In keeping with its goal of staying abreast of the ever-evolving space of technology, SoftBank made a slew of high-profile investments in the last two decades, most of which have brought large dividends to the company. SoftBank bought majority stakes in video game companies Supercell and GungHo Online Entertainment and sold them for healthy profits within a few years. In 2016, SoftBank then acquired British chip designer ARM Holdings in a $31 billion deal, the biggest-ever purchase of a European technology company.
ARM designs and licenses most of the chips used in mobile devices today and has recently diversified into creating chips for devices in the Internet of Things (IoT) and Virtual Reality (VR) verticals. Despite boasting customers like Apple, Samsung, and Qualcomm, ARM only netted around $1.5 billion in revenue in 2015. However, SoftBank’s investment in the company is certainly long-term, and the company hopes its bet will pay off as the IoT and VR sectors continue their rise in recent years. In a similar vein, SoftBank invested $5 billion into Didi Chuxing – dubbed the ‘Uber of China’ – which is keen on using artificial intelligence to bring advanced systems to its driving service.
To further increase his company’s already vast investment capabilities, Masayoshi Son has also masterminded the largest-ever tech investment fund, dubbed the ‘Vision Fund’. Backed by Saudi Arabia’s Public Investment Fund, Abu Dhabi’s Mubadala Investment Co, Apple, Qualcomm, Foxconn, and Sharp, the SoftBank-led fund has used its $100 billion corpora to acquire stakes in scores of tech companies around the world. Some of the biggest deals using this fund include investments in WeWork ($4.4B), Flipkart ($2.6B), Roivant ($1.1B), and Improbable ($502M).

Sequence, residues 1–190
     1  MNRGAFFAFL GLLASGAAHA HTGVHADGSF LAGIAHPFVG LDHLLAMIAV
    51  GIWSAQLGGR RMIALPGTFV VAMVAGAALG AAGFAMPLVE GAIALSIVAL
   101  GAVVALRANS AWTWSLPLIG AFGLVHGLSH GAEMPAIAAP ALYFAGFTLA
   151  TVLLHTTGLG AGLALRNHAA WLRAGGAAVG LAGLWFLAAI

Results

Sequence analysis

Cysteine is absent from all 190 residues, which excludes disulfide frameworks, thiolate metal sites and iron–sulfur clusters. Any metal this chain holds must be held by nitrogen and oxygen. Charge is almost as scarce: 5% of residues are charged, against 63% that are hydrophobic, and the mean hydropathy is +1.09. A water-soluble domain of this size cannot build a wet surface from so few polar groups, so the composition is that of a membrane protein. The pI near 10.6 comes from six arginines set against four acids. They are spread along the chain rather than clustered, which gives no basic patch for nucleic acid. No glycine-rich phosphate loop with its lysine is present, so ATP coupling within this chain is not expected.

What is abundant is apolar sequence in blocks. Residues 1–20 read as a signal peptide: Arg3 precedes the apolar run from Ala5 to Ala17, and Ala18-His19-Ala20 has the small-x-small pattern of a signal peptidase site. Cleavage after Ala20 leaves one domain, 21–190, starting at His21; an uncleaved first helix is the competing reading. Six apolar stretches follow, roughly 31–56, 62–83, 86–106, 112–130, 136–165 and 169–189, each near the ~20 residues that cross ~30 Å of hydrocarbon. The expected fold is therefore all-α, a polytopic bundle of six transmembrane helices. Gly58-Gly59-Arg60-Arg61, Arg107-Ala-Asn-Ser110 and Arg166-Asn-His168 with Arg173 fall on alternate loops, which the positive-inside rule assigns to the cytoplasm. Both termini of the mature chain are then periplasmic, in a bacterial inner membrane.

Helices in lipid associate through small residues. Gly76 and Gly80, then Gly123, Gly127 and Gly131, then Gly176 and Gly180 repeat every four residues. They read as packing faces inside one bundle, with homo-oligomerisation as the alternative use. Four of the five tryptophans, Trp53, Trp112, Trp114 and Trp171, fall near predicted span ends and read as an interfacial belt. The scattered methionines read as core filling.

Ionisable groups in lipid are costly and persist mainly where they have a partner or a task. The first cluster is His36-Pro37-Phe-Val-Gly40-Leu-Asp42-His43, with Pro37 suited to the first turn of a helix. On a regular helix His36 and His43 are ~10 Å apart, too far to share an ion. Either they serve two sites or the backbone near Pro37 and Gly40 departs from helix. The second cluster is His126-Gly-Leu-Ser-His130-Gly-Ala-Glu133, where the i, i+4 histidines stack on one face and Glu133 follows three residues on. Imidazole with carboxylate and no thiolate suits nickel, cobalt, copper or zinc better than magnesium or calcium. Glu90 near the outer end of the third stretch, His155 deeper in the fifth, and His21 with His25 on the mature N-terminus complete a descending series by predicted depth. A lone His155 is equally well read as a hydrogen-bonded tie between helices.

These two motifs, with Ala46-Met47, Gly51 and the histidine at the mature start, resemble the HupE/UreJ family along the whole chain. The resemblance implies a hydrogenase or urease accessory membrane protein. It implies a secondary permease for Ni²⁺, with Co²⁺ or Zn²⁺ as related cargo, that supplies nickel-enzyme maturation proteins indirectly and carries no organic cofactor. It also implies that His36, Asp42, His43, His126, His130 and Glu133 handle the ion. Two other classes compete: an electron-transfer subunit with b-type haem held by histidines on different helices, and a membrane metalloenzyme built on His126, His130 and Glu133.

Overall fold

The Japanese conglomerate began its tumultuous journey in India in 2014 under the direction of then Vice-President Nikesh Arora, a former Google executive who was touted to be the next SoftBank CEO. To capitalise on the fast-rising consumer internet market in the country, SoftBank poured in millions in those startups which it thought had the most potential. E-commerce marketplace Snapdeal, ride-hailing service Ola, property search platform Housing, grocery delivery service Grofers, and hotel room booking platform OYO were the chosen beneficiaries, and they collectively raised around $2 billion from SoftBank until the end of 2015.
In June 2016, SoftBank COO and heir-apparent Nikesh Arora abruptly quit the company. The official press release from SoftBank announcing his departure stated, “Son’s intention was to keep leading the Group in various aspects for the time being, while Arora wished to start taking over the lead in a few years’ time. The difference of expected timelines between the two leads to Arora’s resignation from the position of Representative Director and Director of SBG with the expiration of the term of office and his next steps.”